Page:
Instructions from the Finance Minister to majority Crown-owned companies not to give their directors a pay rise is an example of image trumping policy, according to Act leader David Seymour.

This morning, the Herald revealed Grant Robertson sent a letter to the chairpersons of Air New Zealand, Mercury, Meridian and Genesis Energy telling them not to give their director's a pay rise.

"As you know, this Government is committed to raising pay levels for those on low and middle incomes and we, and the public, expect restraint on director remuneration," the letters – released to the Herald under the official information act – said.

"Given this, I do not support any increase in director remuneration during this term of Parliament," Robertson wrote.


All four companies are listed on New Zealand's stock exchange but are 51 per cent Government-owned – they all confirmed to the Herald there would be no director pay increases, in light of Robertson's letter.

Seymour this morning said that writing to the directors of major companies telling them to consider the Government's image when they make commercial decisions sums up this Government's attitude to business.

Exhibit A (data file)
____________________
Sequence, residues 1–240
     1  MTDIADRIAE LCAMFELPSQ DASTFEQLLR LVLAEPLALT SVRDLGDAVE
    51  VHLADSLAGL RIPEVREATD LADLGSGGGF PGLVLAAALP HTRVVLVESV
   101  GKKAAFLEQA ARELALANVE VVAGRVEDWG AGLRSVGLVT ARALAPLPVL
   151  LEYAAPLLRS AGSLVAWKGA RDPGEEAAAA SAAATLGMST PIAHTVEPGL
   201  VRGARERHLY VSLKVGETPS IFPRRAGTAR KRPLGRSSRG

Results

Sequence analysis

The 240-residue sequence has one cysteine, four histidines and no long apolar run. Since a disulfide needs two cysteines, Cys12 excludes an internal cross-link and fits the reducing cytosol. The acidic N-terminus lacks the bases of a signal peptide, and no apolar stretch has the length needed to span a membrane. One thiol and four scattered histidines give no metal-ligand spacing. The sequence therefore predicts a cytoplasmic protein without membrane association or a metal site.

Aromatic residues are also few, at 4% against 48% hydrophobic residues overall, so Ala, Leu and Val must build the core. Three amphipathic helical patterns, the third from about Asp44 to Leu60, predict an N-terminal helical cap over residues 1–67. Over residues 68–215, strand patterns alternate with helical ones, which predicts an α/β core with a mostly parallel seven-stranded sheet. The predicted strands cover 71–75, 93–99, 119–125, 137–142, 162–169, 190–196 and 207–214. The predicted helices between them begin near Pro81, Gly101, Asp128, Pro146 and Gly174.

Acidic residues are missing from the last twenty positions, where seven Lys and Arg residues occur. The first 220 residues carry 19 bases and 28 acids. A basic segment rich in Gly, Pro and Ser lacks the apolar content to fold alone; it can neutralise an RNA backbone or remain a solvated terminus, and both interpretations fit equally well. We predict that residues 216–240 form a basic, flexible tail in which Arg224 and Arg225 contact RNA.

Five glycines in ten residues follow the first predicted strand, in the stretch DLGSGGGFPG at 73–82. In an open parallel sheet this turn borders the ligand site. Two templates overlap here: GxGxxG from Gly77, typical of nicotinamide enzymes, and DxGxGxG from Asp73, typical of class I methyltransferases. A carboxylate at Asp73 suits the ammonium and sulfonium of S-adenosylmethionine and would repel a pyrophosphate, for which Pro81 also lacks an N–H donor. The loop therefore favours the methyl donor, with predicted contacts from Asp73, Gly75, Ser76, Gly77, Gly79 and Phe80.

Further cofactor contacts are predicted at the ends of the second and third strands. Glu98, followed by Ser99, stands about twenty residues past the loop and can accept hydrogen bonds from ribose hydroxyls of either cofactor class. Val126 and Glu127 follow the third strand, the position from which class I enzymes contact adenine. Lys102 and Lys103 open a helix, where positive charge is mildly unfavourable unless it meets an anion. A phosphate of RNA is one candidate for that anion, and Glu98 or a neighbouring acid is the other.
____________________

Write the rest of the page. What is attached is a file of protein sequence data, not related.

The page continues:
"Ultimately wellbeing comes from good policy, but this policy makes us worse off. Now, worrying about whether they're a good look for the Minister of Finance will compete with ensuring their companies are attractive to customers, employees, and shareholders."

He said putting a de facto cap on governance fees will reduce the quality of governance available.

In addition, Seymour said, giving the extra task of making the Government look good, the policy may reduce the level of governance expertise available to the companies.

"This Govt is committed to raising pay levels for those on low and middle incomes and we, and the public, expect restraint on Director remuneration," Grant Robertson. Photo / Mark Mitchell

"No rational company pays its directors excessive fees out of generosity, they pay what's required to ensure they have sufficient governance expertise to achieve their goals."

An Air New Zealand board member is paid $100,000 per year while the chairman receives $270,000.

At Genesis, board members get $90,000 a year and the chair gets $180,000.


Seymour said it had become a hallmark of this Government that image trumps policy that actually works, citing KiwiBuild as a marketing-led policy failure which didn't achieve its intended outcomes.

"If the Government wonders why business confidence is in the tank, it need look no further than these kinds of childish interventions."